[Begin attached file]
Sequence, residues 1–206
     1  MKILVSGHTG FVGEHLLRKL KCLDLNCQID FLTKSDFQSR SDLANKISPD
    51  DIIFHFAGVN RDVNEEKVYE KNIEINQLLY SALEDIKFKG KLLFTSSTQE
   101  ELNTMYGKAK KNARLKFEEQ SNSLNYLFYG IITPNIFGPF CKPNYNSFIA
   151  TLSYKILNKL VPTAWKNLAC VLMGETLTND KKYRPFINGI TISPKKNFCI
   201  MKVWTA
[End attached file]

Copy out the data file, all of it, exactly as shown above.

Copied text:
Sequence, residues 1–206
     1  MKILVSGHTG FVGEHLLRKL KCLDLNCQID FLTKSDFQSR SDLANKISPD
    51  DIIFHFAGVN RDVNEEKVYE KNIEINQLLY SALEDIKFKG KLLFTSSTQE
   101  ELNTMYGKAK KNARLKFEEQ SNSLNYLFYG IITPNIFGPF CKPNYNSFIA
   151  TLSYKILNKL VPTAWKNLAC VLMGETLTND KKYRPFINGI TISPKKNFCI
   201  MKVWTA